I was connected when I was 12 Breakthrough in Central Texas, a local Texas organization that helps pave the way to and through college for students who are the first in their families to graduate from college. I was later accepted into the Liberal Arts and Science Academy, a top-notch high school with attraction. It wasn’t until my senior year that I really understood what being undocumented meant for my future. As I began looking for internships and part-time jobs, the reality of my situation crumbled. Due to my immigration status, I faced enormous obstacles in achieving my dreams, far greater than those of my peers and friends.

Without a social security number, most grants and loans were off the table. Without a work permit, part-time jobs to pay my tuition were not an option. And what would I do after graduating without the opportunity to work legally? I was devastated when I realized how much this was limiting my future.

This is an unfortunate reality for many undocumented young people and is hurting the US economy. Texas has large labor shortages, particularly in healthcare and education. The country is suffering from a growing shortage of skilled workers with almost a million vacancies in November 2022. There is no point in barring young people like me, who were educated in the American school system and who have graduated from college, from pursuing a career after graduation.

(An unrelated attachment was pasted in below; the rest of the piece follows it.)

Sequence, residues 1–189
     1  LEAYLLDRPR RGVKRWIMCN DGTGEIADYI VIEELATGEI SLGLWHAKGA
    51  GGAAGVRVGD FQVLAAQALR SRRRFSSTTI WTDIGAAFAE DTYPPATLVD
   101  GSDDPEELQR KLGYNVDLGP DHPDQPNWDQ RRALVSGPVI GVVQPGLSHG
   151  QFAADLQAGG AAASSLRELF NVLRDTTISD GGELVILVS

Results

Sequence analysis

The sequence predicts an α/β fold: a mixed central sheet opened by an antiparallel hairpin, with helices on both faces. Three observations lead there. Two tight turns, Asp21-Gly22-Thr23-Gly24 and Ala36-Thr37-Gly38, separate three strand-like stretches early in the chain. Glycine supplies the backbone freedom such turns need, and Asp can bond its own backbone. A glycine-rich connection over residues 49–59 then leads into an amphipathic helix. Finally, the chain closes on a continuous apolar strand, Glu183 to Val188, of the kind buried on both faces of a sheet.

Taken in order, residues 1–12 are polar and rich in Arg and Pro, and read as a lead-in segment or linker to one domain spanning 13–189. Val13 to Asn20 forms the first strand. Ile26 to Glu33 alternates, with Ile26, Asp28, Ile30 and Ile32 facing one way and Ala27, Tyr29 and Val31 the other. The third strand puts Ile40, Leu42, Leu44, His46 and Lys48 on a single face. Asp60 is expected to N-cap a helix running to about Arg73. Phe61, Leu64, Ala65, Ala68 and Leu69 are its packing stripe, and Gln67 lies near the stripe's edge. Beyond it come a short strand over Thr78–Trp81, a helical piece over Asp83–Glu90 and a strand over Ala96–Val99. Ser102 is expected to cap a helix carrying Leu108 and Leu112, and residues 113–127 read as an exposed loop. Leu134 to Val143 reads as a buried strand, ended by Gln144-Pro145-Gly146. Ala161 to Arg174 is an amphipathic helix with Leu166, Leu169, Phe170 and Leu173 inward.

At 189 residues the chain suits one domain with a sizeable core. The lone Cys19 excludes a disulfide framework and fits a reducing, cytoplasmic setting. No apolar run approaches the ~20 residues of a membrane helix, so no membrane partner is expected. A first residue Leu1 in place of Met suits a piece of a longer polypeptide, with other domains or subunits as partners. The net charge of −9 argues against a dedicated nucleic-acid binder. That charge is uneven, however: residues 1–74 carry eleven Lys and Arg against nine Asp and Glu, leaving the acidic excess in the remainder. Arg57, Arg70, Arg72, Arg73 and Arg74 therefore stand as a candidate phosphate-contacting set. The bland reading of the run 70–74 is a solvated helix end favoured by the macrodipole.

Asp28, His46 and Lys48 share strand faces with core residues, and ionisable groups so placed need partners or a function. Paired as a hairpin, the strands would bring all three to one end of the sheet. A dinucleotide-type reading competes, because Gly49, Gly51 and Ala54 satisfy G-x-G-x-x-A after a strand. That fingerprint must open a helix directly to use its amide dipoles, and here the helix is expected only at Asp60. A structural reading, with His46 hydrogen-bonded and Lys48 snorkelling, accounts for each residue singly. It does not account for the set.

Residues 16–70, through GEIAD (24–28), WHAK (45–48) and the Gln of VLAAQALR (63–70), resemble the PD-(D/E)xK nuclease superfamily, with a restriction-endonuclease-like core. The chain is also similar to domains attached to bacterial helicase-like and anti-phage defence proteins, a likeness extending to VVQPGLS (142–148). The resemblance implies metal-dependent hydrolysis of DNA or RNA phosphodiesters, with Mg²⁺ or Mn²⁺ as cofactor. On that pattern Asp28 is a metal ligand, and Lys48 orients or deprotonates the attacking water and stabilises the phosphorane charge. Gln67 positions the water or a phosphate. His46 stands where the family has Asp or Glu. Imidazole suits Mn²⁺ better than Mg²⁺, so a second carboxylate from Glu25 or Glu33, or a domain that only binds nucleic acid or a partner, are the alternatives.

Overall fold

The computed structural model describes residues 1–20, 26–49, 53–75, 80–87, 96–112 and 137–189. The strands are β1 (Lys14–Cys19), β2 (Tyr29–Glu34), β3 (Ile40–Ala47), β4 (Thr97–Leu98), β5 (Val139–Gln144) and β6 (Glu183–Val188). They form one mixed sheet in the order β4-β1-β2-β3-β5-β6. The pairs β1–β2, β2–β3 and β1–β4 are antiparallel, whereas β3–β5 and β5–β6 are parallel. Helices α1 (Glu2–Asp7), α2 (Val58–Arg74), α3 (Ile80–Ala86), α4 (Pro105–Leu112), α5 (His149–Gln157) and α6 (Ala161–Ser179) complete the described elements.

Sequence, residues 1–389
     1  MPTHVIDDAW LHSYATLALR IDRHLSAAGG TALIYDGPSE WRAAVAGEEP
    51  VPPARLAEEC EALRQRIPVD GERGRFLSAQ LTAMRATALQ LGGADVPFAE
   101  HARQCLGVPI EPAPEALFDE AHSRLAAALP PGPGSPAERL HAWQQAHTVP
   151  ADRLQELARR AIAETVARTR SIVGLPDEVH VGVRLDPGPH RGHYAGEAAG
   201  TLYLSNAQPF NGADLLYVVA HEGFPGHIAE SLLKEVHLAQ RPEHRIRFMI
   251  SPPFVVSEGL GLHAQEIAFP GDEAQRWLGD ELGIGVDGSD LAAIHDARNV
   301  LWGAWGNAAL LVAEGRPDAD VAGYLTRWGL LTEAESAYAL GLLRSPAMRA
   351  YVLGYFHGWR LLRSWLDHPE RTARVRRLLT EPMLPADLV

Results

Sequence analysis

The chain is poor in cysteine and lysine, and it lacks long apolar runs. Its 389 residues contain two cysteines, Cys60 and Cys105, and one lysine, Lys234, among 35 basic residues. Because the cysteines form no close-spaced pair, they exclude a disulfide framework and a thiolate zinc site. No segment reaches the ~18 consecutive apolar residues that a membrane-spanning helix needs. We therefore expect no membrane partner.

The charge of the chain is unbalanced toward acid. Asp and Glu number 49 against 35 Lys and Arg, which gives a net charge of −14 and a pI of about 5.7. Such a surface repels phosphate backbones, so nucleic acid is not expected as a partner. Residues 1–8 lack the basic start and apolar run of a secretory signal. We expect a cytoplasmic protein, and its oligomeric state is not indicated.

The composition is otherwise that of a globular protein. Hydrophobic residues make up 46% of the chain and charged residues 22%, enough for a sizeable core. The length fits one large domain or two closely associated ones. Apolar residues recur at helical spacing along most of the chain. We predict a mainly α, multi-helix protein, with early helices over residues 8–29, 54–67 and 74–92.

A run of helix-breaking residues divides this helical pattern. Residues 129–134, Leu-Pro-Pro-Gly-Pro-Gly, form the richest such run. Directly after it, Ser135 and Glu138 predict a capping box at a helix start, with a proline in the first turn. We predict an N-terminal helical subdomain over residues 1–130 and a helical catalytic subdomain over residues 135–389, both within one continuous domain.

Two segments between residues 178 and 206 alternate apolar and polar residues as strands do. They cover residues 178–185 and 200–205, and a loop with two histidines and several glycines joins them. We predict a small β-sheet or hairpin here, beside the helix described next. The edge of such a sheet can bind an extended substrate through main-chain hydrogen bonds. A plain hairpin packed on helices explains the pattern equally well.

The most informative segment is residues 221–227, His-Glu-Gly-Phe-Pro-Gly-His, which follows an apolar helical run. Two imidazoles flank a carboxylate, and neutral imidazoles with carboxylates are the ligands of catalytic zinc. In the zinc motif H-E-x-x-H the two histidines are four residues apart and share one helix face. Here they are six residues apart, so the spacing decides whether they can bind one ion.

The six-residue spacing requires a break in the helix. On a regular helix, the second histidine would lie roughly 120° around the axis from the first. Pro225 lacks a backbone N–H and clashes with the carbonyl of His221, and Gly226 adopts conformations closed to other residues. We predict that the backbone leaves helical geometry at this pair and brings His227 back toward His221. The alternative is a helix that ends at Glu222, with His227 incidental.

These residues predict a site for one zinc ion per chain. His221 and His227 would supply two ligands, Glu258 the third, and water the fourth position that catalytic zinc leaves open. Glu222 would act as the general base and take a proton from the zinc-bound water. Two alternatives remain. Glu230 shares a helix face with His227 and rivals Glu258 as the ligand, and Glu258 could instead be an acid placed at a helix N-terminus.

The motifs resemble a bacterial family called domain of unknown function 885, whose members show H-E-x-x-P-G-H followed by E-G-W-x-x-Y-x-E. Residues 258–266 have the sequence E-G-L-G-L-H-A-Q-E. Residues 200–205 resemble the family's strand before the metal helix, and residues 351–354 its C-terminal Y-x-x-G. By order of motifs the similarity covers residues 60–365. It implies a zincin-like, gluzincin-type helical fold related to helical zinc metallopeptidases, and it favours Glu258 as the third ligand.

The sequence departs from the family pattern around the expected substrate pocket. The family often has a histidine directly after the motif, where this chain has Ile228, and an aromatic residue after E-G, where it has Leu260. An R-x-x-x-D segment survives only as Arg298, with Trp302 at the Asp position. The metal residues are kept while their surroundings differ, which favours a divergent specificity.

We would happily queue for citizenship or documents if such an option existed. That’s not the case. Even if one of us started a multimillion-dollar company and created jobs for hundreds of Americans, we still wouldn’t have a direct path to citizenship.